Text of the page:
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http://www.3d-360.com/

jtoeppen
Level 2
We have a beta site for viewing stereoscopic 3D panoramas here; http://www.3d-360.com/

One panorama is 18 billion pixels and all of the others panoramas are all over a hundred million pixels. Many others have been created but not posted because this is just our beta testing of the viewing process. This should work well with the Oculus as it already works with 3DHDTVs.

We have a variety of viewing modes including half height and half width over under and side by side. We use the mouse to control scrolling and our very deep zoom. I can see where turning the head to change the view is a natural. Maybe one just uses a wireless mouse wheel to control the zoom.

Anyhow, please give it a try if you are able and interested. The notion is that one could take virtual tours of a 3D-360 world. Let us know what you think and guide us if we are almost there.

thanks,

John Toeppen
12 REPLIES 12

danielbln
Level 2
My eyes hurt from fusing the SBS images on my fullscreen 27" monitor. Totally worth it though, those are some really nice gigapan shots!

geekmaster
Level 4
"2EyeGuy" wrote:
The Rift is less than 2560x2560 for a complete sphere, or 6.5 million pixels.
For comparison, the VR920 is more like 7680x7680 for a complete sphere, or 60 million pixels.

The number of pixels in the sphere depends entirely on the virtual viewing distance to that sphere. I am using a series of many concentric spheres of varying diameter. The distant spheres are viewed with more virtual magnification (just like using binoculars). And just like binoculars, using more than about 7x magnification requires a steady viewpoint (like a virtual tripod) and beyond 20x telephoto view even a stable viewpoint is difficult to pan without overshooting. When viewing my distant spheres with virtual binoculars, I see FAR MORE than a mere 60 million pixels. I would estimate at least a bazillion pixels (and perhaps even a gazillion pixels). :lol:

My closest sphere appears about one foot from the face. I control transparency of all the spheres, so I can view distant PixelBall bitmaps or nearby PixelBall bitmaps at my whim.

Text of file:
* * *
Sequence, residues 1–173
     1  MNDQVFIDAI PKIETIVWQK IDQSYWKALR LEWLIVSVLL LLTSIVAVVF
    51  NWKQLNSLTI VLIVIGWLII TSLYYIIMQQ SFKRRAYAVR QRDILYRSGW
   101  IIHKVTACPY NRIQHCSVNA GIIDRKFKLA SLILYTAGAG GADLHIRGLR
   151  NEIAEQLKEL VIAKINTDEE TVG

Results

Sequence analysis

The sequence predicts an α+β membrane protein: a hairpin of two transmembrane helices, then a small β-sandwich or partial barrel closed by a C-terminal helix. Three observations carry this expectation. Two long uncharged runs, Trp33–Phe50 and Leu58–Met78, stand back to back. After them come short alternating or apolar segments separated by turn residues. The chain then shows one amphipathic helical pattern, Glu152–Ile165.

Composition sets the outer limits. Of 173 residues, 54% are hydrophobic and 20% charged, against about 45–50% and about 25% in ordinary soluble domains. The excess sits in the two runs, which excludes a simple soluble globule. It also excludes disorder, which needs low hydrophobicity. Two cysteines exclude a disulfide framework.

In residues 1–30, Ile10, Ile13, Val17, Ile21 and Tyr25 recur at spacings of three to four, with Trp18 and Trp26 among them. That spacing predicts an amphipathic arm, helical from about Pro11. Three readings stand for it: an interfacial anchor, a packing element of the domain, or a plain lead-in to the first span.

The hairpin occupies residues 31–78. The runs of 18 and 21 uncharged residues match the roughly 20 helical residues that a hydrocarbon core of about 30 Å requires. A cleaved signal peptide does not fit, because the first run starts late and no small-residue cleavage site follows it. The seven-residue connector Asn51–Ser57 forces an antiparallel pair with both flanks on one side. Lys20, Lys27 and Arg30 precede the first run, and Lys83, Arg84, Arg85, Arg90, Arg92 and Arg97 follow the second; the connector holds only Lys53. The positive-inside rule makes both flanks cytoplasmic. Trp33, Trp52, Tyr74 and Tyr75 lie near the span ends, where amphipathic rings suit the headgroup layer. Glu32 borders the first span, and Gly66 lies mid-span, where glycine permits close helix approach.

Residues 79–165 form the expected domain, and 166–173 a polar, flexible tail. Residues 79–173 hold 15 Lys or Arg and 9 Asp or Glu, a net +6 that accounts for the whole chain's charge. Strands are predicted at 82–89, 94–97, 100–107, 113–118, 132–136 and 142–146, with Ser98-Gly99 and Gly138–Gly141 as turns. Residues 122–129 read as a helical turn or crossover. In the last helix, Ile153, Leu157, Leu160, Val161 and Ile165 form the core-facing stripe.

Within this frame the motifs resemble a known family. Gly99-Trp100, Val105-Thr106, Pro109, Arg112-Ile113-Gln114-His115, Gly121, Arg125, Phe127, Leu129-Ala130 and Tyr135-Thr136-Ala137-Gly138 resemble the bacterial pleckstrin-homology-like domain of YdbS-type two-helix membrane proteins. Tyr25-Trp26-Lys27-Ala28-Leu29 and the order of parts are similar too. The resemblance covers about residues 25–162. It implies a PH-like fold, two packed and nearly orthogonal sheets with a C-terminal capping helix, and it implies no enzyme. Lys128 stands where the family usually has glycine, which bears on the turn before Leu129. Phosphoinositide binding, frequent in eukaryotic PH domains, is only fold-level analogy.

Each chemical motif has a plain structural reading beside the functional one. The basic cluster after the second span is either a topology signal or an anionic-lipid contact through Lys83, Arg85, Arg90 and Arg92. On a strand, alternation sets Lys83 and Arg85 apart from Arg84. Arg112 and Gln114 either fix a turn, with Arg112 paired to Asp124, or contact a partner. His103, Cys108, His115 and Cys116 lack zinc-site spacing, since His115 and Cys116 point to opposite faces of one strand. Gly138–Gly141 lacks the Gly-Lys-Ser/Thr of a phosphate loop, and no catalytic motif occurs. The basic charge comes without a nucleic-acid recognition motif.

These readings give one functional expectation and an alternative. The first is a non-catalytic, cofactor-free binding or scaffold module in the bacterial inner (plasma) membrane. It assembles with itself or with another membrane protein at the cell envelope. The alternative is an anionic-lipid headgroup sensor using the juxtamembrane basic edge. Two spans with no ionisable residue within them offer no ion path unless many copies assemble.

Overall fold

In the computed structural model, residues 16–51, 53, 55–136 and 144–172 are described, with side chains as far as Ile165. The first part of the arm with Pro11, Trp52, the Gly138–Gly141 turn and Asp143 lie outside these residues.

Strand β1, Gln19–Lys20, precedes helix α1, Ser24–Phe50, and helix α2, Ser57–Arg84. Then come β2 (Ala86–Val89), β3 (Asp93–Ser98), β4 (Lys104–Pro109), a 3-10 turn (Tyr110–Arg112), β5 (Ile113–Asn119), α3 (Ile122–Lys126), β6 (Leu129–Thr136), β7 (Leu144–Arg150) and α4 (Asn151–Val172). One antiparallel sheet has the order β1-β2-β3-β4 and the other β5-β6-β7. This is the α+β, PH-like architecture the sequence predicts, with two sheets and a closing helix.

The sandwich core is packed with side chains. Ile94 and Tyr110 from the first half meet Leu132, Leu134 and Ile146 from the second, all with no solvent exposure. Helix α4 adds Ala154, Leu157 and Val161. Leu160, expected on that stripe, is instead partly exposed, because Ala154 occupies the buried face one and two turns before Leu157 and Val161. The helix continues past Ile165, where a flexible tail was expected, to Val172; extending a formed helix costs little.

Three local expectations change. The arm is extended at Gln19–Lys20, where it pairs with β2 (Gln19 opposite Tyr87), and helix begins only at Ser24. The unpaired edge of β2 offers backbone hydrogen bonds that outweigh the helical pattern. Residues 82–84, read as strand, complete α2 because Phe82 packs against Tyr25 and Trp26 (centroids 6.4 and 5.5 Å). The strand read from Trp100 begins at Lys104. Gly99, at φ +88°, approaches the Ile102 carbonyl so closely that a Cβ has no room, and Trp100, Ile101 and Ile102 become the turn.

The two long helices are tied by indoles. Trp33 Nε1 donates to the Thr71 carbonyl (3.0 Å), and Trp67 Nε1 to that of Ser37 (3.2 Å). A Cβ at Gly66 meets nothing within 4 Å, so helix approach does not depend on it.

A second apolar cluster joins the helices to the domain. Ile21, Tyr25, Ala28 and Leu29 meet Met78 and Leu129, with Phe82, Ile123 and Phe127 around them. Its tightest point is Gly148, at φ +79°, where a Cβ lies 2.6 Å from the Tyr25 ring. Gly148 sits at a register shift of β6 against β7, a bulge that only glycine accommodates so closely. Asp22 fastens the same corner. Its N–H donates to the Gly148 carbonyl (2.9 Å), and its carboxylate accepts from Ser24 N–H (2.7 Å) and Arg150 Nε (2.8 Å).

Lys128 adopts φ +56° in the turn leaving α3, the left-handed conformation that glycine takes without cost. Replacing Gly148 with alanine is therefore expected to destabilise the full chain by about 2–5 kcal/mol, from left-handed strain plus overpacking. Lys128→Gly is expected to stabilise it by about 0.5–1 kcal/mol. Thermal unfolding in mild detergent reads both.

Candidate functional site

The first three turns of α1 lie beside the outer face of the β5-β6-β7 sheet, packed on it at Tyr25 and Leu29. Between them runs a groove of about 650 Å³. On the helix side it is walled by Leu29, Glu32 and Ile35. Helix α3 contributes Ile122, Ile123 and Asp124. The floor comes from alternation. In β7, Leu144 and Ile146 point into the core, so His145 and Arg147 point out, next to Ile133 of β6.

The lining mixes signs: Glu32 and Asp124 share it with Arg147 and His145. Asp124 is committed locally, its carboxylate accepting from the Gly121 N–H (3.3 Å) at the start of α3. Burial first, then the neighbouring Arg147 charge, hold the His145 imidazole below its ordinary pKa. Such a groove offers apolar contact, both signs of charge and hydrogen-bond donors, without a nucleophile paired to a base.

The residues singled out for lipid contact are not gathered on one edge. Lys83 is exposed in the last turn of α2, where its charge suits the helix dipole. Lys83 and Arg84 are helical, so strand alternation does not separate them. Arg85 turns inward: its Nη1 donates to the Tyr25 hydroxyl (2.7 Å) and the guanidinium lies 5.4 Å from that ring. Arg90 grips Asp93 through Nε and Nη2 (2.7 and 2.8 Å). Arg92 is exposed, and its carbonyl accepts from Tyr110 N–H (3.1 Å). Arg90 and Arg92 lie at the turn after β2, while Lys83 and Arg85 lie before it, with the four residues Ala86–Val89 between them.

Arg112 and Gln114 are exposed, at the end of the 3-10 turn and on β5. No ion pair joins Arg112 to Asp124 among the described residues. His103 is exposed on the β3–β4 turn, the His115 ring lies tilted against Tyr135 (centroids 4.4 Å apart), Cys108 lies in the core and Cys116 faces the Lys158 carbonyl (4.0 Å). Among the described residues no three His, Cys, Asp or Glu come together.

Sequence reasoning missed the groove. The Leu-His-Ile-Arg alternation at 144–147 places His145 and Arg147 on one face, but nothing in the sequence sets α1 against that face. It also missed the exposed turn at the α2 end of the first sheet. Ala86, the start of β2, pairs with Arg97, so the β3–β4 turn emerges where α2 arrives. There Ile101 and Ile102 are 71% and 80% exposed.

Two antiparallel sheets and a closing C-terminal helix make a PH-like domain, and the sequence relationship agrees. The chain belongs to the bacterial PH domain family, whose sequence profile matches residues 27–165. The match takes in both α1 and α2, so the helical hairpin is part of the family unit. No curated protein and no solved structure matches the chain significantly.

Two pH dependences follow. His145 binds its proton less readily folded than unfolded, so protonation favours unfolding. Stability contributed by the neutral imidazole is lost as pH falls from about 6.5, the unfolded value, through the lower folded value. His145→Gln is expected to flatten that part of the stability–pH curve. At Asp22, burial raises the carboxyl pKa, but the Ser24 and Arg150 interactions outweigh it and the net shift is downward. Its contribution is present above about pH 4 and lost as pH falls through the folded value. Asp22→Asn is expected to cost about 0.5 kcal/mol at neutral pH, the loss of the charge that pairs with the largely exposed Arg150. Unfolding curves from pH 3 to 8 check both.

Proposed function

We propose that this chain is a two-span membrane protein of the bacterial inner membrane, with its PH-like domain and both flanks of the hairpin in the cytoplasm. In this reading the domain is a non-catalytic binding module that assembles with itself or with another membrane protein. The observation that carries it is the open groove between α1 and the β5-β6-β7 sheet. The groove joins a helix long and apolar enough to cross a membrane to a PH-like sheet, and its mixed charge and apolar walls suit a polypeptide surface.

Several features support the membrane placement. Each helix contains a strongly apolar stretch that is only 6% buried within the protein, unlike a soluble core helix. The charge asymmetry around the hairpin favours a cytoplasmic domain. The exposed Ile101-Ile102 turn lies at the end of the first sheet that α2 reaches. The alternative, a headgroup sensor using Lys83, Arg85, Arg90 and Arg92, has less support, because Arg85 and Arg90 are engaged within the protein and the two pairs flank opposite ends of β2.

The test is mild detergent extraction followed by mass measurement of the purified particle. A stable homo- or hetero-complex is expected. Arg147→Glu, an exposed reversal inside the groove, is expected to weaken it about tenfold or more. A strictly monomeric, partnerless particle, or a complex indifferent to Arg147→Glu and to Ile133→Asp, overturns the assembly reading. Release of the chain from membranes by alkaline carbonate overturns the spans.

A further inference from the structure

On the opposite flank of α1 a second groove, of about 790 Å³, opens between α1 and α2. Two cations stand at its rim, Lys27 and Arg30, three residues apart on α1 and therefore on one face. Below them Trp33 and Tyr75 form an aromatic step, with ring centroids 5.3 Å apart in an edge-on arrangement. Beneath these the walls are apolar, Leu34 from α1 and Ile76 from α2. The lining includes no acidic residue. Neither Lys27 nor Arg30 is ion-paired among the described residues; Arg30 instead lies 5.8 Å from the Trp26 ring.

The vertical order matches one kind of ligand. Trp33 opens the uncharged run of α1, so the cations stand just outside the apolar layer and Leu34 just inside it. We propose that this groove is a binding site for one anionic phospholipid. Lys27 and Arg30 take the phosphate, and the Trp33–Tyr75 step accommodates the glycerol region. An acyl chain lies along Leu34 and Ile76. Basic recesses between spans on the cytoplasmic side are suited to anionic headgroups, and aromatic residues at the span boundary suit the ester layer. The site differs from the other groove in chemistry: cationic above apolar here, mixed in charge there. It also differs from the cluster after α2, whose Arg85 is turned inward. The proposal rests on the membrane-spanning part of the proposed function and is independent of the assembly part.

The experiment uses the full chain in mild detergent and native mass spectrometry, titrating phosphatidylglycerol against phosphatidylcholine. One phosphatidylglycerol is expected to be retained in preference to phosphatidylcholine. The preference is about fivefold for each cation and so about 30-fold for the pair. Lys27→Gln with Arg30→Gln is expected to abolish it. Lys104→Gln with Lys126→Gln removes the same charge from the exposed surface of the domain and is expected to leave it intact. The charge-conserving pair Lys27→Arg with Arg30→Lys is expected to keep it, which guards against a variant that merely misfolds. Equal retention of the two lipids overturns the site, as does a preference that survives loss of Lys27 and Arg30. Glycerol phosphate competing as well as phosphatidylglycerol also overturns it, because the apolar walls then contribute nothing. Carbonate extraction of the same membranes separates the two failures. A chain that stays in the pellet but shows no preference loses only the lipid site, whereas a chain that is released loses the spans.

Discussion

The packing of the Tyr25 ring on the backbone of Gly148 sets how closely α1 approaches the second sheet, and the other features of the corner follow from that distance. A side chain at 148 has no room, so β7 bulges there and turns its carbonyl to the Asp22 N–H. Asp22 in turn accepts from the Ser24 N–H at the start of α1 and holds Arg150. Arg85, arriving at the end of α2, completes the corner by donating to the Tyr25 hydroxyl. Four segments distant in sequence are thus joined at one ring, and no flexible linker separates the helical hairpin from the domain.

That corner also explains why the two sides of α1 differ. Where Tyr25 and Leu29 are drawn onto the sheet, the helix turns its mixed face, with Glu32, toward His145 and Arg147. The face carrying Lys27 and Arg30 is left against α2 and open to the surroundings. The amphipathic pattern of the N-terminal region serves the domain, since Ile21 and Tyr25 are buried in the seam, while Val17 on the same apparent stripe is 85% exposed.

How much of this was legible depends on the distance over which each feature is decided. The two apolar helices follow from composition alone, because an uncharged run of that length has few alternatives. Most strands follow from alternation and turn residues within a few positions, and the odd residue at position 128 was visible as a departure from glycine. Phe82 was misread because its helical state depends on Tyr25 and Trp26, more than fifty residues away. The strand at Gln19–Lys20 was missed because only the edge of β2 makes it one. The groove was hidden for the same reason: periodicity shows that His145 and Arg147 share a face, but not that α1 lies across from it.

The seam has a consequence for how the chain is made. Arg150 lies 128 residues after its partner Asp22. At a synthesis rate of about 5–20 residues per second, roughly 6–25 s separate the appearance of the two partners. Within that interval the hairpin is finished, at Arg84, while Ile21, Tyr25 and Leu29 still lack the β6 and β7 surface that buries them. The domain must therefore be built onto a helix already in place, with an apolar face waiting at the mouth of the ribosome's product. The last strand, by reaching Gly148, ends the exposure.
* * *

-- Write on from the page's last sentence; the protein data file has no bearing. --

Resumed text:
I can map my mind in these concentric PixelBalls viewable ONLY in my RiftDK, much better than my previous method of using a "memory wall" covered in post-it notes and reference material snippets. I call this virtual environment my "Mentarium" (Mental Planetarium). And I am using 3D-Panoramas to test it out.

I successfully built the chromiumembedded embeddable web browser, which I plan to incorporate into my PixelBall Mentarium, so that I can view 3D-360.com stereoscopic panoramas in my RiftDK.

jtoeppen
Level 2
Resolution upgrades are sure to come in the form of LCOS micro displays. Our current viewing system should work with 4K displays now as they are Flash based. I guess we would be grossly oversampling for OculusRift if we did not have zoom. I can understand why you need some sort of damping like stabilization at higher zoom. That is like my cameras. I could see where a click on a subject could function as a "target designator" for image stabilization. Your "virtual tripod is a good anology and I guess that I would add that it could also perform in ways that are better than a real "fluid head".

Relative motion of an image that is different than one's real motion can be disorienting if it does not have consistant game physics. I bet that lag would also be a consideration along with overshoot. I suspect that it might be possible to use rate of change to predict anticipated positions and display those in time for the head to arrive at the correct location.

If I were creating images only for the Oculus I would use a simpler camera system and create more panoramas by moving from location to location. Alternately, I can use stereo videos to connect locations or even make panoramic stereo movies. Another method that I currently use is to integrate my panoramas with multiple walk around viewpoints to create object models.

Examples of the photo generated models are posted here;
http://www.holographics3d.com/hg/galleries/main/models/3/turqgalsmall.pdf
http://www.holographics3d.com/calffalls.pdf
Click and drag the object to rotate. Hold control with click and drag to move sideways. Use the mouse wheel to zoom.

I am seeking a viewing system that could allow us to view 3D models in stereoscopic 3D that works with all platforms, especially 3D TVs. We learned years ago that posting in a format that converts to the desired viewing format on the fly is necessary. Otherwise, one stops taking photos and spends all their time converting, posting, and linking.

John Toeppen